Tuesday, February 14, 2006

Spanning the Globe?

Growing up in the 60s and 70s, I looked forward every 4 years to the Olympics. It provided viewers like yours truly with the opportunity to watch athletes from around the world as they competed for gold, silver and bronze medals in some sports I knew nothing about like curling or the pentathlon. It was a celebration of the world, the coming together of people from different lands and different perspectives.

In the old days, the Olympics were shown on ABC. As fellow sportscaster Curt Gowdy once said, "When you think of the Olympic Games on television, you think of Jim McKay." The broadcast every four years focused on the human interest stories of athletes from many countries and viewers could take as much pride in a African or European athletic victory as in a US or Canadian one.

My how times have changed!! Flip on the TV today and you would think that ONLY American athletes are competing in this year's Winter Olympics. While I'm not glued to the broadcast like many people, I have watched several events. In each one I've watched thus far, I've been able to learn about US athletes and watch their performances, but often have missed the medal preformances of any other athletes.

It's almost like "US skier Joe Blow finishes in 38th place and, oh by the way, 3 people with names we're not going to try to pronounce won the race or competition".

Look, I have no problem with any nation -- including the US -- promoting and showcasing their own athletes first. However, there is a huge difference between promoting your own and excluding the rest. This goes a long way toward explaining why I no longer watch the Olympics with the same amount of interest as before.

In fact, I'm almost to the point in which I refuse to watch the NBC broadcast. Almost every word spoken by the announcers is dripping with glitzy, self-righteous nationalism. It drives me right up the wall.

It's most fortunate that one of networks featured in my cable package is the Canadian Broadcasting Company (CBC). While the CBC features Canadian athletes front and center, unlike their US counterparts, they don't exclude the exploits of other athletes at the same time.

It harkens me back to the days of Jim McKay and the celebration of athletes from around the world coming together to compete in the realm of sports.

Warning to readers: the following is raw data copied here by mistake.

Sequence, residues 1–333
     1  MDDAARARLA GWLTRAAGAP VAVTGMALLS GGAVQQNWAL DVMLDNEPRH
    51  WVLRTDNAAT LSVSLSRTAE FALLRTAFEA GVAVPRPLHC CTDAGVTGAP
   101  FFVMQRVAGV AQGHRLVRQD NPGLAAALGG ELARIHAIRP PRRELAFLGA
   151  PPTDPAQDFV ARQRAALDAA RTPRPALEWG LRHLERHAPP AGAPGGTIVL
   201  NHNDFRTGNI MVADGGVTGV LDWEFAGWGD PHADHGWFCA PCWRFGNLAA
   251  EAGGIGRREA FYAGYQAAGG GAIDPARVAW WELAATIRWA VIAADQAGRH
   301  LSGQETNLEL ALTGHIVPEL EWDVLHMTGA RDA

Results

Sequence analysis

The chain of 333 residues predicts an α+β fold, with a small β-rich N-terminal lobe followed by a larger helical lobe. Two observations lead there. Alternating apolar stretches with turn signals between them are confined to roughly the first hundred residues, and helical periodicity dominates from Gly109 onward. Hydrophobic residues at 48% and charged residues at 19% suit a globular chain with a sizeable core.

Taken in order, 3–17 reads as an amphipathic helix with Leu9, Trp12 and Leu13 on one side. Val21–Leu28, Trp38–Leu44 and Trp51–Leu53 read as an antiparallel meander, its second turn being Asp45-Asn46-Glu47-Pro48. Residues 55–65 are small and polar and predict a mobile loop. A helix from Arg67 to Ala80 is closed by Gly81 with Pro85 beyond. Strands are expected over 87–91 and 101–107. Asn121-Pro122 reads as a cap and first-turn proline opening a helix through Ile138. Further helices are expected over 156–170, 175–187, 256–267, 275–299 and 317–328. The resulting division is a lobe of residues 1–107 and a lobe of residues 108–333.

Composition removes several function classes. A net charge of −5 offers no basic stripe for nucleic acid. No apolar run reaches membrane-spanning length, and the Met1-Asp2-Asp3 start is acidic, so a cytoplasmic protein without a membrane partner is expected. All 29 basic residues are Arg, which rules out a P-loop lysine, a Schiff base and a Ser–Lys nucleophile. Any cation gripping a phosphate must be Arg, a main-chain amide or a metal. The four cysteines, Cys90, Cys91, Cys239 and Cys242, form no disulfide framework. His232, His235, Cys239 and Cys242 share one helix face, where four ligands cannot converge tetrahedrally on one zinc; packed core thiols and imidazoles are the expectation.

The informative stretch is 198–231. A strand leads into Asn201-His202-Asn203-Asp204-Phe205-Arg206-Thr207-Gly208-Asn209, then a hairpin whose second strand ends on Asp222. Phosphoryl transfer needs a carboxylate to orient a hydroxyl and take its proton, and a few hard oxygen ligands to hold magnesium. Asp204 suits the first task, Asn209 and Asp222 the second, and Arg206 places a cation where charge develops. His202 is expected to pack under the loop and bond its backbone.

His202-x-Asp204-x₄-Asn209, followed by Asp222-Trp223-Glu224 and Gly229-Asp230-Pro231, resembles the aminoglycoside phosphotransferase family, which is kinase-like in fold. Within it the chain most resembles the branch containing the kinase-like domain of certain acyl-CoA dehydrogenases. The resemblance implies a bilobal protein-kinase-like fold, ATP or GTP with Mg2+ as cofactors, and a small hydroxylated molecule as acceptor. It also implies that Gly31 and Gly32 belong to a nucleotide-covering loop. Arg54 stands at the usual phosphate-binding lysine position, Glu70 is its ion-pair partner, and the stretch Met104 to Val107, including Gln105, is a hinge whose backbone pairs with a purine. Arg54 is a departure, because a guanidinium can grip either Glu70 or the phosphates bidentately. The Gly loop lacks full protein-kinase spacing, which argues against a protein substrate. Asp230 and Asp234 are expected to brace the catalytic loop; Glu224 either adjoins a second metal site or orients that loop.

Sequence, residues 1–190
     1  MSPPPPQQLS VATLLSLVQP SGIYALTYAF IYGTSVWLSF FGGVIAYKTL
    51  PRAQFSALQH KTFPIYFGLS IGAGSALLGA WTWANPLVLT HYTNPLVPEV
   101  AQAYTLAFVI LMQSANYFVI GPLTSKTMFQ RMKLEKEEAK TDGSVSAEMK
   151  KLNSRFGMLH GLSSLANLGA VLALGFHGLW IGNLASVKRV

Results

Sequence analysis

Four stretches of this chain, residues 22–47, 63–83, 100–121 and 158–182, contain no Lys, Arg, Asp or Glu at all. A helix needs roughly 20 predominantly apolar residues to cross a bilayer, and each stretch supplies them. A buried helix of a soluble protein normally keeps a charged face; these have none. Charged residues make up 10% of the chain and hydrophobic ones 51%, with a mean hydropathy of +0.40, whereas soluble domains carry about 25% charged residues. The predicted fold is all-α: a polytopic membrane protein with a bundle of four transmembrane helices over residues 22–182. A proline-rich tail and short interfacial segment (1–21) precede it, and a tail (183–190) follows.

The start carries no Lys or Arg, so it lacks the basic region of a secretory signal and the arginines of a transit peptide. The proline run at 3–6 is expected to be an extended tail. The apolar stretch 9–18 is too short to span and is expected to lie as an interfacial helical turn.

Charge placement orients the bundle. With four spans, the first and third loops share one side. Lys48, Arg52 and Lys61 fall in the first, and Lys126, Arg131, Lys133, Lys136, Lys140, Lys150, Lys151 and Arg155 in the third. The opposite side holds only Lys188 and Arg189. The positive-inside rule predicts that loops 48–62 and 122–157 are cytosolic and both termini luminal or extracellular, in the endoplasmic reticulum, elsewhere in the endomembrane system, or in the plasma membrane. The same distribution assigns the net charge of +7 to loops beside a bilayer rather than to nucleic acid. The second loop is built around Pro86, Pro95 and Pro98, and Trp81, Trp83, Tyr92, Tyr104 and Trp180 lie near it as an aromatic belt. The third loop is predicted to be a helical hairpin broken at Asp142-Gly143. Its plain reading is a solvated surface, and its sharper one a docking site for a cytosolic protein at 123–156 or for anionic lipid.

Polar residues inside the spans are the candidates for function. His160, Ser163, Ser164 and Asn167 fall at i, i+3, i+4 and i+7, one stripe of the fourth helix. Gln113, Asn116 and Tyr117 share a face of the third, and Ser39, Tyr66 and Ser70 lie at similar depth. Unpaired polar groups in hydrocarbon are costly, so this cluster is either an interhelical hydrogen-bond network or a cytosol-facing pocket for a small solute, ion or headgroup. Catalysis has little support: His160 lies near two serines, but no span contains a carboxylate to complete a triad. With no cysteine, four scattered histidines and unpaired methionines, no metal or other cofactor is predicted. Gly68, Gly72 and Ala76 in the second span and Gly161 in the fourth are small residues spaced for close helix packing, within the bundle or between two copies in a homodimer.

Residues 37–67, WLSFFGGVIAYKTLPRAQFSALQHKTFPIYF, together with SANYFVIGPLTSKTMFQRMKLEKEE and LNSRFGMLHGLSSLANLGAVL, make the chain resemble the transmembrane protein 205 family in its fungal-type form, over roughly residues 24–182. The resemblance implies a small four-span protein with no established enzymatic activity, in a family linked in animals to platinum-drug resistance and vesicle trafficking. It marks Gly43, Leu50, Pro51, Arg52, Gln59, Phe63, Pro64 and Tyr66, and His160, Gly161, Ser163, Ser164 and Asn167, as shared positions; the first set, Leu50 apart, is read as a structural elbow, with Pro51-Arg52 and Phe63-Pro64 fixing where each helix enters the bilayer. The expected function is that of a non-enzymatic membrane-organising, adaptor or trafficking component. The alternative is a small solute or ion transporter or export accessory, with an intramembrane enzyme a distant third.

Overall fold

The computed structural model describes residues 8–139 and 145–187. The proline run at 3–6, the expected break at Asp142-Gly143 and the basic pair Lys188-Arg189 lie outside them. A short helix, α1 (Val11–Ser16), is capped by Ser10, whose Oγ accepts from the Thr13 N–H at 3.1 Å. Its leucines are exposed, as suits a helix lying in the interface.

1. I agree. I, too, grew up in the 60s and 70s and enjoyed watching the Olympics back then. Not anymore--mostly because of the rampant nationalism you mention. The Olympics aren't supposed to be about the U.S. or any other individual country, to the exclusion of the rest--they're supposed to be about all the participating countries coming together in a worldwide celebration of athletic skill and sportsmanship. It's hard to feel good about the U.S. when it acts so immature and self-centered.

    Thanks for articulating what I've been feeling for years.

  2. How horrible it must be for you - all this pride in the USA. LOL

  3. I haven't watched the Olympics much, but it seems like every time I watch, it's either skating or gymnastics. (I haven't watched anything yet this year.)

    Nothing wrong with those 2 sports, but I could've sworn there were dozens of other events too.

  4. are the olympics on? huh, who knew. anybody skiing drunk?

  5. I loved the Olympics as a kid - it was such a big deal. We grew up with so many fine Olympic athletes as role models. Who have we got today?

    And the coverage now sucks. I've hated the games ever since NBC got ahold of them. This year they can't even get the name of the frickin' host city right - they hafta make it sound like a damn sports car or something.

    NBC sucks.

  6. Great post, Trey.

    Remember the Up Close & Personal features they would do on individual athletes? I loved those.

    Sigh. I miss Jim McKay.

  7. Plus, the commentators are idiots! "Oh, he took a bad line through that corner!" - talking about luge - and the guy puts up a fast time!


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